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“Tessy” Saves the Day for Tesla Model S Owner, But Tesla Still Loses Top Engineer to Apple

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Sometimes bad things can happen to good companies whose technology saved the day. This was the case recently with Tesla, whose automated driver assistance feature avoided a crash. At the same time, Chris Porritt, who was Tesla's vice president of vehicle engineering, has left the electric car leader to go to Apple, just four months after the head of Apple’s mystery electric car project, Steve Zadesky, left Apple. Strong indicators point to the likelihood that Porritt will take over the Apple car project.
It turns out poaching each other’s top technical talent isn’t outside the norm for electric car innovators right now, though. Many Apple employees have been lured away by Tesla, just as Tesla employees have defected to Apple. In an industry this insular and new, it is bound to happen. Porritt is not alone in leaving Tesla to join a different firm; another tech startup developing a self-driving vehicle, Comma.ai, recently hired another Tesla employee for its software integration project.
It’s been reported that the new Apple car project team includes employees in the hundreds who hail from many different companies including Texas Instruments, A123 Systems, Land Rover, Ford, Concept Systems, Autoliv, Tesla Motors, General Dynamics and other firms.
Elon Musk Approves Tesla Technology That Saved Driver
Whether it is considered user-friendly to every demographic or not, the fantastic autopilot feature on Tesla’s Model S has just saved a life. When a truck was just about to collide with another vehicle, Tesla recently saved the day by automatically stopping the collision from happening by moving the car out of the truck’s path. By swerving over to the right, the Tesla Model S let Joshua Brown, the driver, know what it was doing by chiming a warning. In Brown’s own words:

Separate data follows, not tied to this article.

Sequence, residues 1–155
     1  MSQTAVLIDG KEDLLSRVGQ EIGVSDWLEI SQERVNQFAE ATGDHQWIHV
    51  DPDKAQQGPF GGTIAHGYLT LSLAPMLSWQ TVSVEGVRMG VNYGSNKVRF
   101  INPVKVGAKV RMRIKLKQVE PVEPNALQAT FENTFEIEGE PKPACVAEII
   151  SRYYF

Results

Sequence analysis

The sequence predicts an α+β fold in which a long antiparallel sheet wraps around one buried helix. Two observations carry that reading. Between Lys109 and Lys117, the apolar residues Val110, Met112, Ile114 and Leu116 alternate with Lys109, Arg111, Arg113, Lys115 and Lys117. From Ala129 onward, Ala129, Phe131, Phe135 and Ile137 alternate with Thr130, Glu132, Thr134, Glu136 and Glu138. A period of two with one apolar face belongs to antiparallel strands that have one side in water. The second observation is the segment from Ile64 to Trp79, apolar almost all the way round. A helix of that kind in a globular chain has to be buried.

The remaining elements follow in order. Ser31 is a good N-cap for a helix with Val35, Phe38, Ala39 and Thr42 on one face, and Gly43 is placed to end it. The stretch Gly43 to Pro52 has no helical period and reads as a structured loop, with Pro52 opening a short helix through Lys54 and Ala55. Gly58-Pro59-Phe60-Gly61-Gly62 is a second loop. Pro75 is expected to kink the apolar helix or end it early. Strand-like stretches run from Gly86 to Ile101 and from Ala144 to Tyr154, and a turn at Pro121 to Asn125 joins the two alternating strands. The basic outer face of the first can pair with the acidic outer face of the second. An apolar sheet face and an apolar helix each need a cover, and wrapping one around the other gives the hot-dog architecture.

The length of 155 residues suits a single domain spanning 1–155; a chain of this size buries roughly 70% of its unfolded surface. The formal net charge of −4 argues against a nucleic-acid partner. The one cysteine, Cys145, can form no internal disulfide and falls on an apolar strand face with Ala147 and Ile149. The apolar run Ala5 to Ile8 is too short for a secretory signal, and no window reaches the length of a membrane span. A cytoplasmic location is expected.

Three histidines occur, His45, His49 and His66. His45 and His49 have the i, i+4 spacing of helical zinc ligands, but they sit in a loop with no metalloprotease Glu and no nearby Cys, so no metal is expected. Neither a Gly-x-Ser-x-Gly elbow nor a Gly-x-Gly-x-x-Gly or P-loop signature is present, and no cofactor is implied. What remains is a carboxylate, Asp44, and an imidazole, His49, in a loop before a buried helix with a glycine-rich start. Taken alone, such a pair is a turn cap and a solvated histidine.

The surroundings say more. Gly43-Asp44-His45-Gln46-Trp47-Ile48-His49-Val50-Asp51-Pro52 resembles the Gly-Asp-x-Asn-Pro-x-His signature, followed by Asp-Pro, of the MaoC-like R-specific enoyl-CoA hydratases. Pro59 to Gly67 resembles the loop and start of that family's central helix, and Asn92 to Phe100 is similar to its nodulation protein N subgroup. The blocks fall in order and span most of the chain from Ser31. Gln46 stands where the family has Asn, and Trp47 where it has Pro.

“I was driving down the interstate and you can see the boom lift truck in question on the left side of the screen on a joining interstate road. Once the roads merged, the truck tried to get to the exit ramp on the right and never saw my Tesla. I actually wasn’t watching that direction and Tessy (the name of my car) was on duty with autopilot engaged. I became aware of the danger when Tessy alerted me with the ‘immediately take over’ warning chime and the car swerving to the right to avoid the side collision.”
Brown indicated that he has tested “Tessy” a lot for its software capabilities and sensors, and that the only thing he hadn’t tested was the Model S’ side collision avoidance.

Watch the Tesla Model S autopilot feature in traffic:

Tesla Nearly Ready for Driverless Capability in its Cars
It was also rumoured last summer that Tesla CEO Musk indicated his company was nearly ready to have its cars perform some parallel parking and operate without drivers on highways. Included in the Model S Tesla cars’ built-in driver assistance systems are 12 sensors that can respond to objects within 16 feet of the car, a camera mounted by the rear-view mirror and forward radar.

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